- US special-operations and law-enforcement units have specialized training to board ships at sea.
- Those skills aren’t exclusive to Navy SEALs, and as broader strategic competition grows, especially in the vast Pacific region, more of those units will have to put them to use.
Boarding enemy vessels has been a staple of naval combat since ancient times. Before the age of gunpowder, the quickest and most efficient way to win a naval battle was to either ram and sink an enemy ship or board it.
Crews, thus, were both seamen and warriors. As technology evolved and allowed ships to engage enemies at longer distances with cannons, mortars, torpedoes, missiles, and aircraft, the ability to board enemy vessels nearly became obsolete.
But as the US Navy came to rule the waves following World War II, the need for a non-catastrophic option to intercept suspicious ships and enemy vessels resurfaced.
Enter Visit, Board, Search, and Seizure (VBSS) operations.
Although historically Navy SEALs have been the logical choice for VBSS because of their maritime special-operations capabilities, they aren’t the only ones doing it.
Reconnaissance Marines, Marine Raiders, Army Green Berets, the Coast Guard’s Maritime Security Response Teams, and even conventional Navy crews and Marines, have varying levels of proficiency in VBSS.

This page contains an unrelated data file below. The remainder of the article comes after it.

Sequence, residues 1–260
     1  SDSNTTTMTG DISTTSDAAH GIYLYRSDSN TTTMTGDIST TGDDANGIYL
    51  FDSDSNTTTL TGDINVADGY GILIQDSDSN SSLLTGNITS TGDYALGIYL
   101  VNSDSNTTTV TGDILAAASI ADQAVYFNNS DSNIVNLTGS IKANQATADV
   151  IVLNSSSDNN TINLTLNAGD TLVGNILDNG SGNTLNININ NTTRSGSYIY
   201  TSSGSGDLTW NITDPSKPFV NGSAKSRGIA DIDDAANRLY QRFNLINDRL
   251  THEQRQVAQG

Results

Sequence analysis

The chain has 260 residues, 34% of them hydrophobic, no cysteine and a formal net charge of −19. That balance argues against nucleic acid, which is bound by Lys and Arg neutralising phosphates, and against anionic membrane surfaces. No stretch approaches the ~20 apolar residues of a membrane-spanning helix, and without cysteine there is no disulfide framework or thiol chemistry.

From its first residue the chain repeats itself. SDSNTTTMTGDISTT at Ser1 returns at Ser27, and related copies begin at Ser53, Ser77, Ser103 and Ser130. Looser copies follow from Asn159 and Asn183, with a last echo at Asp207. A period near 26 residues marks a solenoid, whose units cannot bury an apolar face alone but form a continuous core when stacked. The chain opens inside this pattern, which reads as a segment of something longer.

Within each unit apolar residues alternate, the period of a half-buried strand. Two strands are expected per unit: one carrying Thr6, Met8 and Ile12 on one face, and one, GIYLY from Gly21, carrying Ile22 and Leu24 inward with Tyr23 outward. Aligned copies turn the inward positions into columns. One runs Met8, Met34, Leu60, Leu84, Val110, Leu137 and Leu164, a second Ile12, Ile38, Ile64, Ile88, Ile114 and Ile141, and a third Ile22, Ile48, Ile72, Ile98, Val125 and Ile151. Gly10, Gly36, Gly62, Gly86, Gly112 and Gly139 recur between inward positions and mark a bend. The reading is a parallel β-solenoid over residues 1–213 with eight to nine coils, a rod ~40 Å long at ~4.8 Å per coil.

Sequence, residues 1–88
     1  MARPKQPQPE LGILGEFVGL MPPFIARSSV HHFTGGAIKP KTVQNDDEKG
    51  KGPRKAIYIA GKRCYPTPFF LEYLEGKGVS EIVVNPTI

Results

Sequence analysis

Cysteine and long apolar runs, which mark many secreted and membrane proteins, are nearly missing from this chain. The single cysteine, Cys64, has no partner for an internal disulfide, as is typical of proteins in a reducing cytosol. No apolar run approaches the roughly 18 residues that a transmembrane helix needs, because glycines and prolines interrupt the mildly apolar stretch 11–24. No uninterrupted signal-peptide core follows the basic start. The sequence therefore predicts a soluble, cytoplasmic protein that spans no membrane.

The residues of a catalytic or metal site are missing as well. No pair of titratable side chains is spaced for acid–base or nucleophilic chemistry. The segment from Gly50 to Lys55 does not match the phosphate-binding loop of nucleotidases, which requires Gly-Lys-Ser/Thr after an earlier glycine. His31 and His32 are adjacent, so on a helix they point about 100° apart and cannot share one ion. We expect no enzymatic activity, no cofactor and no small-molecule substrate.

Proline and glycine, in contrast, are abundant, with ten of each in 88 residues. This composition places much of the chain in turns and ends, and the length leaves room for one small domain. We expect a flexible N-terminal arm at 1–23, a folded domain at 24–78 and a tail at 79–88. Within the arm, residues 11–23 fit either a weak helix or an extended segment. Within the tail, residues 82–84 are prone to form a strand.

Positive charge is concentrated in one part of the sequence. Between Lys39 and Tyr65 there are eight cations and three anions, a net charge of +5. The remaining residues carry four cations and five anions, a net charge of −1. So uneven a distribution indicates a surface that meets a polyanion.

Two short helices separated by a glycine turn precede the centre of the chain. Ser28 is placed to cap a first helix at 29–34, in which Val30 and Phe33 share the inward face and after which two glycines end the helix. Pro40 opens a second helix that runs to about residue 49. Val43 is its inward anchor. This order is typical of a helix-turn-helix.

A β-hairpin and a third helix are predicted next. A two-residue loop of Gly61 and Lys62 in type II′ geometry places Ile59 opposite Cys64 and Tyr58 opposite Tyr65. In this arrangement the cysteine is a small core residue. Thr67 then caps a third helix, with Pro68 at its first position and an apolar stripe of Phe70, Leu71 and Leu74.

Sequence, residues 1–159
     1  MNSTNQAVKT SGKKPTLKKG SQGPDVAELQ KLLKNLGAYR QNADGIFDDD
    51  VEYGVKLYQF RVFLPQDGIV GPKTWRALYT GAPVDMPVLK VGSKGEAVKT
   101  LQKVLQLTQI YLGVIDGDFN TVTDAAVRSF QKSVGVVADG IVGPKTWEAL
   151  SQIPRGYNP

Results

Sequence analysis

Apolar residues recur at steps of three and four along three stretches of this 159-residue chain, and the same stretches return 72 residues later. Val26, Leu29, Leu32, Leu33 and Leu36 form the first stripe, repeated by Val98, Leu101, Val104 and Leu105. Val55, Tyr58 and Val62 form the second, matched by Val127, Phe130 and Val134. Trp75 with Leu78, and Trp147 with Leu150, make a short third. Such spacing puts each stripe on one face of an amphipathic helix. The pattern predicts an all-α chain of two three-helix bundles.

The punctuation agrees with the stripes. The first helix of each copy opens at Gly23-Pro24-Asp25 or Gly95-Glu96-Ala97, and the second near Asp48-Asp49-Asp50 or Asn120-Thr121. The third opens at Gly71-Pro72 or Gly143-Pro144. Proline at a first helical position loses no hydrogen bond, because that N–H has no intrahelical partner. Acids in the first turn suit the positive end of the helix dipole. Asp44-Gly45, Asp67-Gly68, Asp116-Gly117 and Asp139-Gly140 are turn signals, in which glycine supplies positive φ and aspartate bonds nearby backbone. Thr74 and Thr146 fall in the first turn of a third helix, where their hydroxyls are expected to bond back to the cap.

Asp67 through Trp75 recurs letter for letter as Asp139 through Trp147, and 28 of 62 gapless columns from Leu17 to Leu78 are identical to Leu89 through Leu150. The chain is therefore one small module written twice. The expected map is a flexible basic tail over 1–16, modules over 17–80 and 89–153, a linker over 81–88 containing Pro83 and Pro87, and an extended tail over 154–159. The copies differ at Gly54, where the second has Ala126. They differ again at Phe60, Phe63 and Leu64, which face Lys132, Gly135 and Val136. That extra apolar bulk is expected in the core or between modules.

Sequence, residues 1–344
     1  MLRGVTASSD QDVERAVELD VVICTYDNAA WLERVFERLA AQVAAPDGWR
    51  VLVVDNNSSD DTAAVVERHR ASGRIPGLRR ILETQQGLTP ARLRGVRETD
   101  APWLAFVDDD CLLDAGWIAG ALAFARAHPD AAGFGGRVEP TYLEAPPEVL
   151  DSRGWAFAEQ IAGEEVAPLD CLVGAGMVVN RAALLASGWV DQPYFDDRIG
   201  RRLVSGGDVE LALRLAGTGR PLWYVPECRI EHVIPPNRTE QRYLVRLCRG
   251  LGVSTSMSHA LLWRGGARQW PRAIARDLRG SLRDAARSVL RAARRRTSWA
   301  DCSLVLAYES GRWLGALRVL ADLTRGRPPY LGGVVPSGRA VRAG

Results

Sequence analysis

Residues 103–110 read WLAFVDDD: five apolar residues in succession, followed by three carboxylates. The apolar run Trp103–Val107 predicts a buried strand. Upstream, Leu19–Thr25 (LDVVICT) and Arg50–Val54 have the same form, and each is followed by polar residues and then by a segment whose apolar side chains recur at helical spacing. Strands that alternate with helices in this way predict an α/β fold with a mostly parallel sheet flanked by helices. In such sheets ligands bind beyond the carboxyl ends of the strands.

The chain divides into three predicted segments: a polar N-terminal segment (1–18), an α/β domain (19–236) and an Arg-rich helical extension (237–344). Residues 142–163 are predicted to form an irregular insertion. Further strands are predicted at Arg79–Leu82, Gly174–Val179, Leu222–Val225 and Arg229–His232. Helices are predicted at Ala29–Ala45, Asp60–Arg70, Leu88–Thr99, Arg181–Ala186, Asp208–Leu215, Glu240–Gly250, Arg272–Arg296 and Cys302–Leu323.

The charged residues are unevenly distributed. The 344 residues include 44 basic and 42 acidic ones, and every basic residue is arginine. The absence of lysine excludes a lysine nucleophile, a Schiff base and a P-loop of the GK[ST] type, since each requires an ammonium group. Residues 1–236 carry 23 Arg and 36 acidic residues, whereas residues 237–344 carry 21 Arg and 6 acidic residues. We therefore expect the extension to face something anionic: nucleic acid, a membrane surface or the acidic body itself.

“VBSS is one of the most complex and dangerous of MAROPS [Maritime Operations] missions. Its conduct requires special equipment and training,” Lino Miani, a former Special Forces officer and president of the Combat Diver Foundation, told Insider.
An art and a science
VBSS operations can be divided into two portions: the approach/insertion phase and the CQB phase.
When special-operations units conduct VBSS, it falls on the Special Warfare Combatant-Craft Crewmen (SWCC) to get the assault element to the target.
These elite Navy special-operators insert and extract other special-operations units — primarily SEALs — and conduct maritime special reconnaissance, maritime raids, and VBSS.
When it comes to VBSS, they are the experts. It falls on SWCC operators to ferry assault teams to the target and to deal with any outside interference while the assaulters are clearing the vessel.
“The trickiest part [during a VBSS operation] is probably keeping the boat up against the ship when the assaulters are climbing,” a former SWCC operator told Insider. “The boat captain constantly needs to be feathering the throttles to maintain the same speed as the ship. He also needs to keep the boat snug to the ship without violently banging against it. The safety of the assaulters is in the boat captain’s hand.”
Aside from the getting the assaulters safely aboard the vessel, there are numerous other considerations to take into account during a VBSS operation.
“Sea state and illumination certainly play a part. Obviously, less moon the better. Going out on a flat calm night may not be ideal, because it’s easier to see the silhouette of boats and their wakes,” added the former SWCC operator.